Not to protest. Not to see Question Time. I was there to see Harry Hill. And he was excellent. Between takes his Nick Griffin jokes were much more scathing than anything that went on in the other studio, or outside. I highly recommend watching TV Burp on Saturday.
This is covered elsewhere, so I'm going to just briefly (as I can) say what annoyed me.
The Anti-BBC Brigade - The protesters outside the BBC, led by the UAF, spewed out anti-BBC and anti-fascist rhetoric (more on that later). There was too much focus on the BBC, who were only following rules, and allowing a prominent figure to feature in a debate that hardly anyone usually watches anyway. You can't stop a fascist by denying his right to freedom of speech - that only allows him to play the "one rule for you, one for everyone else" card. Let him make a fool of himself as publicly as possible.
The Studio "Bullying" -
That was enough. They didn't have to keep going on that point, but they did. They focused on one issue (racism) that a minority already thought was okay, and the vast majority of people already found abhorrent. No one is going to change their mind on that point. But a few more people will have felt sorry for Griffin,
Why did no one attack his unrealistic policies on social housing, for example? They think they can unilaterally take all privately-owned former council houses back under local government control. They can't even get the URL right - their housing policy is found at bnp.org.uk/policies/pensioners. They should have got the racism point out of the way and then worked through discrediting him based on policy as well.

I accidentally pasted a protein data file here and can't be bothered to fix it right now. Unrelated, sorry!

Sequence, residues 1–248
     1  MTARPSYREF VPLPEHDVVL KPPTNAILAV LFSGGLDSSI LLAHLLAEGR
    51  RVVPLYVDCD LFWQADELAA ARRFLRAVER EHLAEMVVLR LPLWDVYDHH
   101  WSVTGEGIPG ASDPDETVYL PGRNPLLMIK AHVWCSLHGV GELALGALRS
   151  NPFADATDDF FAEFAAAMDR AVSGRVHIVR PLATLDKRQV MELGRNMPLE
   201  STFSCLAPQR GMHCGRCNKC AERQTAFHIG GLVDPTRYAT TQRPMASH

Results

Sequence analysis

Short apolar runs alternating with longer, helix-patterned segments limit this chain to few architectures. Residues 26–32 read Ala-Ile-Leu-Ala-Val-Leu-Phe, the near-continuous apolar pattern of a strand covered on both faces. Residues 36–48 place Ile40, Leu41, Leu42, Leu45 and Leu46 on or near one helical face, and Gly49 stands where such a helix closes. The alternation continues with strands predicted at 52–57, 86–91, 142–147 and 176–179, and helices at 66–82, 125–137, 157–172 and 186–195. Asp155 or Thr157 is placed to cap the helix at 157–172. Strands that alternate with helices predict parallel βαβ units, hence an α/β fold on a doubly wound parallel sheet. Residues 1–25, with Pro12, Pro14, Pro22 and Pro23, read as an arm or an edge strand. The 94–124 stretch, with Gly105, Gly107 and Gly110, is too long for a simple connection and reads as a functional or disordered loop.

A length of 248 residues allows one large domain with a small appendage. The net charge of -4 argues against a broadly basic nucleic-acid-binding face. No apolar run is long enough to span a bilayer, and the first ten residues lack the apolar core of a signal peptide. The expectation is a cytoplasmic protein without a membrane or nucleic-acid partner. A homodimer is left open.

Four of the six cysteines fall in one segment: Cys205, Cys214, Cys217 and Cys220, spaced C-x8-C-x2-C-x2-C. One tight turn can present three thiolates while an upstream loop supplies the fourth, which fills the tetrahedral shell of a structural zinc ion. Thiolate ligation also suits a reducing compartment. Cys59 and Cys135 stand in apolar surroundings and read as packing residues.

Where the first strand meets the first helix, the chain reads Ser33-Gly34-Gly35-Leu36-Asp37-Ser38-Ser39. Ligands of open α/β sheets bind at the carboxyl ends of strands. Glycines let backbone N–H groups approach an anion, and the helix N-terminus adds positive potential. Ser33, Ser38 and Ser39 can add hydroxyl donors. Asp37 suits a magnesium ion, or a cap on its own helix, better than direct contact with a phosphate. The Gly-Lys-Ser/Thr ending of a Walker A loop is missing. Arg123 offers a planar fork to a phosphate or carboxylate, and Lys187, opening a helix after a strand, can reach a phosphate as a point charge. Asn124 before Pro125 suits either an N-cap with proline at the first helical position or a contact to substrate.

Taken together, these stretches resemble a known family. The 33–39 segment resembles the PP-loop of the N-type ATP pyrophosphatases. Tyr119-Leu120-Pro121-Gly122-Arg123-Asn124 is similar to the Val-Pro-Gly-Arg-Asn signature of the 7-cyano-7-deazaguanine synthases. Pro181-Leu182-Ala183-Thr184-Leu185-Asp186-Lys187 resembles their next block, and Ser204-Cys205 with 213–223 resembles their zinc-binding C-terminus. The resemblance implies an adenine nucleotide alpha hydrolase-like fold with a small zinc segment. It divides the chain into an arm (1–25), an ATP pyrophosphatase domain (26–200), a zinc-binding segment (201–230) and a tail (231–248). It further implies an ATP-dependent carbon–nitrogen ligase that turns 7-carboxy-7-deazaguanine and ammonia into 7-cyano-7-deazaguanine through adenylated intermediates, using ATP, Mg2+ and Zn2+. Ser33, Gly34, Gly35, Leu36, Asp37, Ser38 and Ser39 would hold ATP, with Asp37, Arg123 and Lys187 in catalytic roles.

The Immigration Big Dick Contest - The moment someone asked a question about immigration, rather than challenging his belief in what he reads in the papers, Jack Straw looked sheepish and uncomfortable. In stepped Warsi and Huhne, and all the mainstream politicians indulged in a quick Who's-Got-The-Toughest-Policies-On-Immigration Competition. Isn't it obvious that pandering to misconceptions about immigration legitimises some of the BNP's arguments?
The Tabloids' Great Escape - All though Jan Moir was very briefly brought up, the press got off scot-free. Why was the ineffectiveness of the PCC not brought up at any time? The tabloids are the main culprits in inflaming racial tension by their misleading "facts" on immigration and Islam. They will slam the BNP in one paragraph, and then happily give more fuel to their supporters in the next.
This is the part of the editorial in the Evening Standard (owned, remember, by a Russian) yesterday:
"... Question Time does not have the power to dominate political debate, to confer respectability on a despised party or to change the hearts and minds of the kind of people likely to vote for the BNP or subscribe to its obnoxious views. The outrage about Mr Griffin's appearance, however well-intentioned, has been disproportionate to the importance of the event.It's like the editorial equivalent of saying "I'm not racist, but..." He then goes on, of course, to trot out the "statistics" you've no doubt heard recently, especially the 70 million figure that is apparently traditionally wheeled out and dusted down this time of year.
"What will, however, do a great deal to give succour to the BNP and foment antagonism between ethnic communities is unchecked immigration."
[Edit to add:] Griffin is not the real threat here. It's the lies upon which he's capitalising that we've got to worry about. Those are what need to be challenged.
Another quick couple of interesting links...
Jon Snow's Opinion
A postman's viewpoint of the strike
Jan Moir keeps on digging...